The Pokey Finger of God

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Diocletian and the Roman Recovery

December 11th, 2008 · No Comments · christianity, history, media

Here’s something I’ve enjoyed greatly this last week: Stephen Williams’ Diocletian and the Roman Recovery. This book from 1985 was apparently one of the first biographies of the man written in English.

The genius here is the clear and concise comparison between the Empire under the “Good Emperors” and the Empire under “Crisis”. Williams provides several reasons for the general failure of the imperial economy, and shows how the continued cycle of civil war and invasion sapped the economic engine of Empire.

All of this background helps to understand the near-miraculous recovery brought on by the reforms of Diocletian, and why his reforms worked when so many Emperors had failed in the past. Williams goes into fascinating detail about the changing fate of the landholders and the land workers.

Most interestingly, Williams also looks at the entire sweep of the period in terms of the development of Roman Authoritarianism. We are given the propaganda to compare with the living situation of the citizens, and why, despite being oppressive, it was considered such an improvement over the decades of invasion and civil war. Also interesting are the explorations into notions of freedom and slavery, and how these ideas changed and blurred through Diocletian’s work.

To top it all off, it’s a well-written book targeted to a more general audience, so it’s a pleasure to read. I recognize that I have a more-than-passing interest in the topic at hand, but I’ve had to slog through some pretty tiresome books before, and this simply is not of that type. I was actually disappointed to come to the end and not have more to read.

The Persecuted Christians

The period of the Tetrarchy beginning with the accession of Galarius to the purple is one remembered in Christian tradition as the Great . The stories are usually that Diocletian wasn’t opposed to the Christians at first, but that Galarius poisoned his heart against them. The dreadful torments they imposed are legend. This is all part of the great build-up to the story of Constantine’s triumph, so as to make Constantine appear to be sweeping away truly evil usurpers.

The problem for me, of course, is that my studies have recently taken a turn which doesn’t allow for the Great Persecution to have actually taken place. Simply in terms of remaining open to the scholarship of others, I have taken a compromise position that there may have been some kind of pre-Nicean cult that may have even referred to itself as ‘Christianity’, or failing this possessed some mythos about a Jewish messiah — and whatever this group may have represented was completely overshadowed by the development of Roman Catholicism. The only issue with this, again, is that I have a very hard time coming up with verifications for any reports of pre-Nicean persecution.

This comes up for me in two ways. The first is how the author injects Christian history into the bulk of the book: tangentially, and without any supporting material. Mostly, these points are in relationship to a reference to how Diocletian interfaced with different, Asian faiths, and how this reflected upon Diocletian’s reaction to Christianity… but we’re not given anything to support or to detail the assertions. The other is when he goes into greater detail about the impacts of the at its watershed moment just prior to legitimization: suddenly presuming some large population of Christians having some kind of impact on Roman culture. But as he, himself, points out: Roman culture was a lot like Christian culture already, so whatever this impact was is unclear.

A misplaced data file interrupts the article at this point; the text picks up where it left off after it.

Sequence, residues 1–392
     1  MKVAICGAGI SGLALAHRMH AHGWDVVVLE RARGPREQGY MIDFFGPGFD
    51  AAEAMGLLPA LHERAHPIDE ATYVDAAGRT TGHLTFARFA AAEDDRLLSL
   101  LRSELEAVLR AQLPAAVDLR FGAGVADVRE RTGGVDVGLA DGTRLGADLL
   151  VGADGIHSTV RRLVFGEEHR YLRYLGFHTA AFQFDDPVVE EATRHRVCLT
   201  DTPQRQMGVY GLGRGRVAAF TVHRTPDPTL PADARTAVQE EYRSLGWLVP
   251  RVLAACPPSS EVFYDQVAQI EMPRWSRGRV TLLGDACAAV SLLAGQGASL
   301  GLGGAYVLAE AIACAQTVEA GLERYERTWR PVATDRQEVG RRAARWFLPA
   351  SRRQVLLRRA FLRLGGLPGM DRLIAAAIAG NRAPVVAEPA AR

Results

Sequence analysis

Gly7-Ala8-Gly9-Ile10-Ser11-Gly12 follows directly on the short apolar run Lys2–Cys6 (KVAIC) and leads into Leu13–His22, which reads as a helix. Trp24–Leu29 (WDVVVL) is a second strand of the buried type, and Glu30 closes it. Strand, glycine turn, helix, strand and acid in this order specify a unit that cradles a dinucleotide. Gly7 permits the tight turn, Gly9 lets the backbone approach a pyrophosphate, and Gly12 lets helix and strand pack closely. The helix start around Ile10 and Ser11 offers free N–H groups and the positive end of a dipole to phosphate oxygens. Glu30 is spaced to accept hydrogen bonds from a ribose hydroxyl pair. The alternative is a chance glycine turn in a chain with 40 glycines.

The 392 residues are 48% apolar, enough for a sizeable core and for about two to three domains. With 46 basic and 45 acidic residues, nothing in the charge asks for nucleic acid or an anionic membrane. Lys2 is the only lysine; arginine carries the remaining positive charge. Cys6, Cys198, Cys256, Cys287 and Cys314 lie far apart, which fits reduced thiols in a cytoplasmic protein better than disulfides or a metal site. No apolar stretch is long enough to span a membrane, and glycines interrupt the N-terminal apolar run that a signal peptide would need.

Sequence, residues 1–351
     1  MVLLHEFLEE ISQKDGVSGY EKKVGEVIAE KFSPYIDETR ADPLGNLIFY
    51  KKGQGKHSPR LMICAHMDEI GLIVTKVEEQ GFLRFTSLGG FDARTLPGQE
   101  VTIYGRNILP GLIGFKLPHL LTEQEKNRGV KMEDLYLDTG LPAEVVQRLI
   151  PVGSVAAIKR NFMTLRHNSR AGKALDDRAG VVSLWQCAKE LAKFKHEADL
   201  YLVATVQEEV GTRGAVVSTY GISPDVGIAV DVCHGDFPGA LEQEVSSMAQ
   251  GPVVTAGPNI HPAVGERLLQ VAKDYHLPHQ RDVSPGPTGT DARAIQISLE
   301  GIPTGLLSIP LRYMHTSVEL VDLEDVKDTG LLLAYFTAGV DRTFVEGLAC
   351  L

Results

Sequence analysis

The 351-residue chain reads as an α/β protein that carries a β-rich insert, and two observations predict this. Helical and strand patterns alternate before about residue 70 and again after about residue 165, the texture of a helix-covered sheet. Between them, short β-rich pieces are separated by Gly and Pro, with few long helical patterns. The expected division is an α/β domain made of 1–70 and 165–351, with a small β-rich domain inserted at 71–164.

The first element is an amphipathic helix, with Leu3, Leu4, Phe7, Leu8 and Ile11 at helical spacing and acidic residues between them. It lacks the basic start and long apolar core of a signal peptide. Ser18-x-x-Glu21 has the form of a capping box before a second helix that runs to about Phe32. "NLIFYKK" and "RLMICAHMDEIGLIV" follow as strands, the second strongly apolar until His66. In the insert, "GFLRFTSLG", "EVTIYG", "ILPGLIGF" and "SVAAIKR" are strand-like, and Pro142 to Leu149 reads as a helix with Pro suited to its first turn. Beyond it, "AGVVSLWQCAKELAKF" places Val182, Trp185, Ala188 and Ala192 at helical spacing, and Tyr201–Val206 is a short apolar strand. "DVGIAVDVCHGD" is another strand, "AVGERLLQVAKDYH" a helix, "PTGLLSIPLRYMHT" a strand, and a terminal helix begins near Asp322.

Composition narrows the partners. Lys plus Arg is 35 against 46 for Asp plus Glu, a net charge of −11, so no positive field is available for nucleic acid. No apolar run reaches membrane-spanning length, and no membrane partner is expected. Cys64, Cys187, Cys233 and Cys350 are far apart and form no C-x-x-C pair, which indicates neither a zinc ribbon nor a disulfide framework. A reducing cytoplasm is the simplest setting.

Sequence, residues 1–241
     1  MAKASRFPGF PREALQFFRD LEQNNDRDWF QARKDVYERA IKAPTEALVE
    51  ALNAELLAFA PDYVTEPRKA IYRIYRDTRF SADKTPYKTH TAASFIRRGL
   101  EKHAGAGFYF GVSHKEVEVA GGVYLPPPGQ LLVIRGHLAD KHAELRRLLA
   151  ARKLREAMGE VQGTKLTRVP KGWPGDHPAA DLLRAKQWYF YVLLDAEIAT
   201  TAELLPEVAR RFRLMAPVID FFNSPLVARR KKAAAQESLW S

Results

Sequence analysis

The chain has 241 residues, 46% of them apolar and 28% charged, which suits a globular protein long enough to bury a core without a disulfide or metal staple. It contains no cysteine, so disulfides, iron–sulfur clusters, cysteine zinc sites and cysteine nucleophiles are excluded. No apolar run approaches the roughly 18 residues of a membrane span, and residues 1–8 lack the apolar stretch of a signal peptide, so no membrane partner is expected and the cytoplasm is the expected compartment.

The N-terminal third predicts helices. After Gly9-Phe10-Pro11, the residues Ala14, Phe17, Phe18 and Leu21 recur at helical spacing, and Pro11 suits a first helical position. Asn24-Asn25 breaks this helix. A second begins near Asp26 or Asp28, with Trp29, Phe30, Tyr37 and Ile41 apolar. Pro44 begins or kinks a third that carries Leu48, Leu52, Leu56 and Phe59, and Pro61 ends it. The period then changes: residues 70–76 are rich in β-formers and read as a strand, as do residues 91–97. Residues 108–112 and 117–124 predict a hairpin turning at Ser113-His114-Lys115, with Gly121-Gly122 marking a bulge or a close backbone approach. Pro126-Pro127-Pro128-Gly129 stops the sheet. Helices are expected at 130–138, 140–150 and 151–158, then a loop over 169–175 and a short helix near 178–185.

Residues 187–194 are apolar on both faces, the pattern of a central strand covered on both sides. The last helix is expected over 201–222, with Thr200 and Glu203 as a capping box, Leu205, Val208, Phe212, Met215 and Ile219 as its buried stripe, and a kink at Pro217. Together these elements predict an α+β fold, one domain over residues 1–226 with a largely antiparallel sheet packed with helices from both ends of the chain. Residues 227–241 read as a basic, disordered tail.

Toward the end of the book, Williams briefly explores the religious environment of the 3rd Century Empire. Where he discusses the Asian faiths, he generally provides a favorable, if brief, overview of the practices of each. And then he supposes how an early Christian would feel in that context. Where he describes the Mystery faiths, Mithraism, Isis & Serapis cults, and the like, his information jibes well with similar material that I’ve seen. His analysis of Diocletian’s dislike of Manicheism was insightful: he understood that Diocletian saw it as a Persian weapon to forment social unrest after the uprisings in Egypt and the Balkans shortly after he became Emperor.

The simple fact is that one has to go through some pretty fantastic gyrations in order to accommodate an ‘Early Church’ into the actual history of the . What’s even more convincing is that I have found nothing verifiable that is notably dependent upon the existence of an Early Church.  Which is to say that it’s a lot of work to insinuate an ‘Early Church’ into history, yet no work at all to leave it out.

Mostly, what this says to me is that I need to continue to seek out further verification and information regarding the “Early Church”, even if I have given up the idea nearly completely. But tradition says that the Early Church existed, and I’ll simply need to be very precise about what did or did not exist at various points of history as I study.

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